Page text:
Specialization should be a continuum. As a young athlete moves into adolescence they can handle more specific training as well as the mental aspects of this type of training. Training no longer needs to be just fun but more emphasis can be placed on self-discipline and internalization of motivation. The athlete gains more esteem and validation from their sport and it becomes part of their identity. This is also a time when parents get off season training all wrong. Making a volleyball player run cross country will do little to advance them in their sport. It is easy to believe that a more aerobically conditioned (fitter) volleyball player will be a better athlete but there is no running in volleyball; there is jumping. Running is basically a waste of time, they need to be conditioning their vertical power and overhead strength. Conversely focusing on heavy weight training for a field sport such as lacrosse or soccer, that involves 90% running and sprinting, builds a slow, heavy, albeit strong athlete that gets left in the dust. Think of what occurs in competition. Off season training should be designed to give a break from highly specialized training with an emphasis on conditioning that forwards what occurs in competition. For example, a pitchers should stop throwing the ball so much and work on developing shoulder integrity, strength, and flexibility. An athlete in a sport that involves running, however, should never take long breaks from running and especially not stop it completely. This does not mean you stop specialized training, just reduce it. A swimmer may go through a dry land strength phase but never stays out of the water completely or they will lose hard won technique and fitness.
Highly specialized, year round programs lead to burnout. By changing up training, while keeping it sport specific enough to enhance development, you kill two birds with one stone. You give your athlete a mental break from the stress of competition while building a quicker/stronger/more powerful athlete. Training should be constantly changing, evolving, improving, challenging, and moving onto higher skill sets. It needs to meet the individual athlete's needs. More of the same just creates drudgery.
The mental aspects of athletics are under-emphasized especially in teens, as performance becomes a singular focus. Self-esteem becomes to tightly tied to outcomes on the athletic field. We have all heard that "success begins between the ears" but how much time is actually put into developing mental skills? Is this just something they are expected to bring to the table? I have witnessed high school athletes make it all the way to scholarship offers only to decide they do not want to compete in college; much to the chagrin of their parents. A break from their sport may be just what they needed to stay with it. Having regular conversations about their motivation in regards to their sport are critically important. I have known teens to fake injuries, illness, and use just about every excuse just to get a bit of a break. It should be ok for them to say "I am really feeling burned out right now and need a break," or "this is just not fun for me anymore." Parents should not try to fix this but listen and support.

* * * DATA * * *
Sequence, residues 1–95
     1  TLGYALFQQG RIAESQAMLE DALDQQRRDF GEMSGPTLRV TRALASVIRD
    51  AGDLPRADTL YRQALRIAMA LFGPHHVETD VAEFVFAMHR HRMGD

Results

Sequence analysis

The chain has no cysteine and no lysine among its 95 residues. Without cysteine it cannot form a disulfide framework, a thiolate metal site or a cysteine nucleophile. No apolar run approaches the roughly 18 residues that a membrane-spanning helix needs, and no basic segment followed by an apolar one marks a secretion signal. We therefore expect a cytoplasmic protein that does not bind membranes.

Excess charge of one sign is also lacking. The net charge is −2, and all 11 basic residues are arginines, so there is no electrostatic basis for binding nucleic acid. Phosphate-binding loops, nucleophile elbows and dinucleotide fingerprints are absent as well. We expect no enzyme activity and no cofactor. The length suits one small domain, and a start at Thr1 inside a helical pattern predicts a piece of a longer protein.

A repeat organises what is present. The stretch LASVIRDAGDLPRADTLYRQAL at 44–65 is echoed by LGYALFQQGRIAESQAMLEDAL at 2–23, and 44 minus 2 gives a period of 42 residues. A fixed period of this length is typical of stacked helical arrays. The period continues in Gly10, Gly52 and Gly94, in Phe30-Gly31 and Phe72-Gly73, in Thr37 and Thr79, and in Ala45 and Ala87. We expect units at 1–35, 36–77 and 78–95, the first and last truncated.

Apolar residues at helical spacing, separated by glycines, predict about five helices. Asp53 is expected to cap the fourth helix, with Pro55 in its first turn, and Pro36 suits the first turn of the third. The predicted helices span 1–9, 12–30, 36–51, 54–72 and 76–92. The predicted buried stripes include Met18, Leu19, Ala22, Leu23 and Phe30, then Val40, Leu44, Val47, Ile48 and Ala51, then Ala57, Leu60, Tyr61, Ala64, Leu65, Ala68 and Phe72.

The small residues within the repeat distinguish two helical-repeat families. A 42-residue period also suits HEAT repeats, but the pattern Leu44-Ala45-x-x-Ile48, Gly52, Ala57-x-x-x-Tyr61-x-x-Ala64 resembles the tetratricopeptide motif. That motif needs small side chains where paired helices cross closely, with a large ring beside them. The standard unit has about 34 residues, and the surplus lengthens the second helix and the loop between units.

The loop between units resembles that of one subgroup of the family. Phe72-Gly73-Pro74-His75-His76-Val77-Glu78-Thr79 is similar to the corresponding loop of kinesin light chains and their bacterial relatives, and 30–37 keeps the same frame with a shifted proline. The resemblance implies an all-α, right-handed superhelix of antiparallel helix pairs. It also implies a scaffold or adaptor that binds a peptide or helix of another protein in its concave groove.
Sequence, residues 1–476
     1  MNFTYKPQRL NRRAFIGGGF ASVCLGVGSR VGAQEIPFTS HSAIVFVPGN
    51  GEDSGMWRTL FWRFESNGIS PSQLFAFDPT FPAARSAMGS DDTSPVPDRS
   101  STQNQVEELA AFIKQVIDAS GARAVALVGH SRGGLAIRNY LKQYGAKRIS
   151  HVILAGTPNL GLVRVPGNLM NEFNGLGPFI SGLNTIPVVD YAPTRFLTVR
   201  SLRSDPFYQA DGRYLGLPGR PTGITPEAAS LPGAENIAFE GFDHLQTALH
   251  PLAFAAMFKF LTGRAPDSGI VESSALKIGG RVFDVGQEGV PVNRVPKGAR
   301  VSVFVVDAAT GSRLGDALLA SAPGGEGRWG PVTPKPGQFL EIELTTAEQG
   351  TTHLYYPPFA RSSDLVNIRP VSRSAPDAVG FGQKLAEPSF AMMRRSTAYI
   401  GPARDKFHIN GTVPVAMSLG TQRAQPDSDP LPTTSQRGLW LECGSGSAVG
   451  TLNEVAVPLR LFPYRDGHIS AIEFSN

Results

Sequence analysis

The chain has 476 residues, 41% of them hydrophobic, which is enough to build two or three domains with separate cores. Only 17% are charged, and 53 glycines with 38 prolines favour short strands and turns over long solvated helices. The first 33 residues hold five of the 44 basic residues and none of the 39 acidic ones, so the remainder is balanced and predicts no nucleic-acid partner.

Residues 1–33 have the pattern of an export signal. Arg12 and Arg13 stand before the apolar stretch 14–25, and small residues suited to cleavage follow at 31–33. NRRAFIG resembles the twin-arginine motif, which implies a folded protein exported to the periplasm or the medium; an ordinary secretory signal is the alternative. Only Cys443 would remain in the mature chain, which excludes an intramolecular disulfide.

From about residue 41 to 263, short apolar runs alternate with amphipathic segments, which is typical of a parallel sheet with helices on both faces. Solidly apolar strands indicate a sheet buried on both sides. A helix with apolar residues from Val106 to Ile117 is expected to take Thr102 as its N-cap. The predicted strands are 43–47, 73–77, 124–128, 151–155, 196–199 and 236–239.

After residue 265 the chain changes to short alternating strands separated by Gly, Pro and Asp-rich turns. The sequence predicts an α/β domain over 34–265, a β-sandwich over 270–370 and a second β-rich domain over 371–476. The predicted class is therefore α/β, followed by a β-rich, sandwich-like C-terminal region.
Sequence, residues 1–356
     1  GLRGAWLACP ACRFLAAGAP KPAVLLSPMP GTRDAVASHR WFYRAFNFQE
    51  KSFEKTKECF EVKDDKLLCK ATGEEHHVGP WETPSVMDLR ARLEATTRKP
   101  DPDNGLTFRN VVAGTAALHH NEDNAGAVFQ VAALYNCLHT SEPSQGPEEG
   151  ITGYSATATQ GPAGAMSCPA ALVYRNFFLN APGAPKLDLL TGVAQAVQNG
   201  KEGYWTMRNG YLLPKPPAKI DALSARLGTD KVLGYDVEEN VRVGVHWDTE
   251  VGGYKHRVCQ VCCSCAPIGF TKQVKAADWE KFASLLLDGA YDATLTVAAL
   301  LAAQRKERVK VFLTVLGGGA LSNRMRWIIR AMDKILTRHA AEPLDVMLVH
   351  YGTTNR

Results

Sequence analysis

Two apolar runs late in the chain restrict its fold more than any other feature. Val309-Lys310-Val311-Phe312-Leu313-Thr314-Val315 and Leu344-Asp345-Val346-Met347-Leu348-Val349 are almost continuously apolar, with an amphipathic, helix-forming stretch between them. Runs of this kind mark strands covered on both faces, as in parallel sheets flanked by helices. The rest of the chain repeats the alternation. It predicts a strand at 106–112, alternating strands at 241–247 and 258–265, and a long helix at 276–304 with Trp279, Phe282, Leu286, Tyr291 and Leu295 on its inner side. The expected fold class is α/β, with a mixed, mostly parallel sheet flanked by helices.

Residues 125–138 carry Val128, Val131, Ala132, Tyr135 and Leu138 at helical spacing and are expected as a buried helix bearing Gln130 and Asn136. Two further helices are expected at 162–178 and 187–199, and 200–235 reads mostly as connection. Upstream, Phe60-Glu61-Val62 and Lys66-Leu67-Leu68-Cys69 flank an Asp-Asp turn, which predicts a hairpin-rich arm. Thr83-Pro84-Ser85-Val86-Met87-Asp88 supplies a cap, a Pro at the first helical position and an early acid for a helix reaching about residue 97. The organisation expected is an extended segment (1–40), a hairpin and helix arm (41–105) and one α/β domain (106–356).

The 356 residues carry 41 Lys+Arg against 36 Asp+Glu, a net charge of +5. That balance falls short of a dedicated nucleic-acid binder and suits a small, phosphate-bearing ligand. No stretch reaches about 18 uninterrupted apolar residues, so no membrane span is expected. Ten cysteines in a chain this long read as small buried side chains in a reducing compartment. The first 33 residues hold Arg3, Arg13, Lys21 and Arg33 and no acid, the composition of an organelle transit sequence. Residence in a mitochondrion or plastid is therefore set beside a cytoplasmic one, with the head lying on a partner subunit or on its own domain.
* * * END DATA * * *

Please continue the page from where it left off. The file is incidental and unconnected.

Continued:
Emphatically, the imposed ambitions of a parent on a child is never a source of athletic success. It leads to rebellion and burn-out. If you are a parent that white knuckles the chain link fence covered in spittle you may want to take note of this. How important is your child's athletic success to your self-esteem. What do you want most for your child and are you acting and supporting them accordingly? It is very easy to fall down the rabbit hole of over-ambition for your child's athletic success. But if I were to build a better athlete I would focus on their needs, all of them, mental, physical, social, developmental, as well as what kind of person I want them to become. Athletics can be a great teacher of both good and bad character. Consider what positivity they are getting out of their sport besides points and goals. If your support is mainly based on outcome how motivated will they be after a losing season- which every athlete will have? Do they want to quit or keep playing because it is fun? A losing season is an excellent opportunity for them to learn and to grow, and for you to demonstrate your support. Don't squander this opportunity.